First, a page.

If some of you dislike my personal statement, that’s awesome, that’s why I posted my PS. I just want to know why. I am not looking for “I didn’t like it” posts. Can you please in couple sentences tell me what is wrong with it? I don’t have anyone now to proofread it to me, but this message board.

Elenadu
Posts: 25
Joined: Thu Dec 15, 2011 10:55 pm

Re: Personal statement, non-native speaker

Postby Elenadu » Sun Dec 18, 2011 2:14 am

kublaikahn wrote:
Elenadu wrote:Kublaikahn, thank you so much, you have helped me a lot with the structure of the sentences and the use of the articles. However, you told me that I sounded a bit crazy at the end. Why?


Tell your story. Leave out the motivations and personal desires, that is what makes you seem bat shit crazy. Most law school applicants have the good sense not to talk about their husband's career and what kind of house they want in a PS. Most think you are a flame, because you would need to be crazy to do that. I believe you (that you are crazy).

Leave out your expertise as a lawyer, those skills do not translate. The part about statutory interpretation indicates enough about your legal training.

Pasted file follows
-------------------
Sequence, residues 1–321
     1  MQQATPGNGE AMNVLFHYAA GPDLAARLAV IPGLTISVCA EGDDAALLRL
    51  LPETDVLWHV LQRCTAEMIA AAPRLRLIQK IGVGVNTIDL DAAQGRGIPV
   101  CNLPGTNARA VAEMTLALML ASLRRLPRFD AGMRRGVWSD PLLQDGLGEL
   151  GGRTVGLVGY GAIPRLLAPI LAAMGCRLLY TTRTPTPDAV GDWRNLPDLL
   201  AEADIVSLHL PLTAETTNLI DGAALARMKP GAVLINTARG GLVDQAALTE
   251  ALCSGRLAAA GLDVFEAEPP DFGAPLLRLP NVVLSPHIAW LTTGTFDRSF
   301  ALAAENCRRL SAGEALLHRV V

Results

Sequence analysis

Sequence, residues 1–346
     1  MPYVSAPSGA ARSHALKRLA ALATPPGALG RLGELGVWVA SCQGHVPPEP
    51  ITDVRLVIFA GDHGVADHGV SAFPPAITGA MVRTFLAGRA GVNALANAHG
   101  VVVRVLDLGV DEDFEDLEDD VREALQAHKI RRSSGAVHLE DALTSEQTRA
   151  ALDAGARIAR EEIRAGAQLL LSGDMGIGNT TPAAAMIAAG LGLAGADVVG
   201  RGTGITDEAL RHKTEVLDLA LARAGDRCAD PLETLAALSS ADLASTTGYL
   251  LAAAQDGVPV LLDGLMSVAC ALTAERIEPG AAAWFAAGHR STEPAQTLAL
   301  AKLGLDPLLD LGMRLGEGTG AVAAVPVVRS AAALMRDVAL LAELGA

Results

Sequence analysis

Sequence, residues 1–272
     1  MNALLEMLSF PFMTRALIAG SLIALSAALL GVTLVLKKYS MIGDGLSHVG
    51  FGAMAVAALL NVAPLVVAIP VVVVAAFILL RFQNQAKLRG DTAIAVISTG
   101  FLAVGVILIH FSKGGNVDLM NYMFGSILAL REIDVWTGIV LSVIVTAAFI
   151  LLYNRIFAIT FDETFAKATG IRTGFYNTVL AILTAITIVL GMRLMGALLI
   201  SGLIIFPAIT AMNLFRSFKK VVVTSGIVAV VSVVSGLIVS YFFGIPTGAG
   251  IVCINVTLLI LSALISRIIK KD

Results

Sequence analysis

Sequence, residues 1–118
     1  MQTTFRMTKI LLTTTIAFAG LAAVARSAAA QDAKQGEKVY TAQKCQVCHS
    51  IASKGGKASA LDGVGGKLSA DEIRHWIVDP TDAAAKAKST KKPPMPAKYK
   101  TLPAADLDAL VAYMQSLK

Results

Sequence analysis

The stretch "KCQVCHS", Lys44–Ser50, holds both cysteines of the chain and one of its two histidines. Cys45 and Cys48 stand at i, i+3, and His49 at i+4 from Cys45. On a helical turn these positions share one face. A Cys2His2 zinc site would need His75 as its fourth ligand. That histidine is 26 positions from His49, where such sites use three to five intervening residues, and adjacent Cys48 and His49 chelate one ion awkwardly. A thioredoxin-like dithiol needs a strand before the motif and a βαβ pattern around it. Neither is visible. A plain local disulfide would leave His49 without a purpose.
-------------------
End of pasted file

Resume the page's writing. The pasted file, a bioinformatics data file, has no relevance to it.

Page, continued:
You are a unique candidate because you lived in Siberia under a communist regime. Why not make that the cornerstone of your piece?


Kublaikahn, I would like to thank you once more for you tremendous effort to help me with my PS. The sentence about the house seems really stupid to me now since you have explained that. You are pretty harsh with you judgments, but you know how to back up your arguments. Your explanations are very valuable to me.
However, your suggestion to make a cornerstone of my living in a Communist Siberia is an old cliché. All that mumbo-jumbo ended in 1991 when I was 11 years old. What had happened after the crash of the SU resembled more of the Great Depression in US. Since I was just a kid, it’s very insincere to dance on the remnants of the regime that I have never been a witness to. The person who proofread my PS in Russia told me that I should not bash the home country which had provided me with a free education and a happy childhood. He said that Americans don’t like people who betray their home country. Was he right?
Also, I am very proud that I finished the two years of my law school in one year. I believe it’s a great achievement and it shows I am a hard worker. Maybe I worded it in a wrong way, but why should I left it out?
If my aspirations and my dreams don’t matter, then, what matters? It is a personal statement. Yes, I sincerely believe that I will become a successful attorney and I will set up a chain of shelters fog dogs. That’s my real dream. What is wrong with that?

Elenadu
Posts: 25
Joined: Thu Dec 15, 2011 10:55 pm

Re: Personal statement, non-native speaker

Postby Elenadu » Sun Dec 18, 2011 2:32 am

Guchster, I am not a Blair Witch. By scratching the floors I simply meant cleaning other peoples' houses for cash, nothing superstitious.
I understand this is the Internet, you may say whatever you want to say. However, I haven't insulted you, and I also do not expext WTFing in return. Bash me as much as you want, but it will be great that you don't swear and curse. Thank you

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Guchster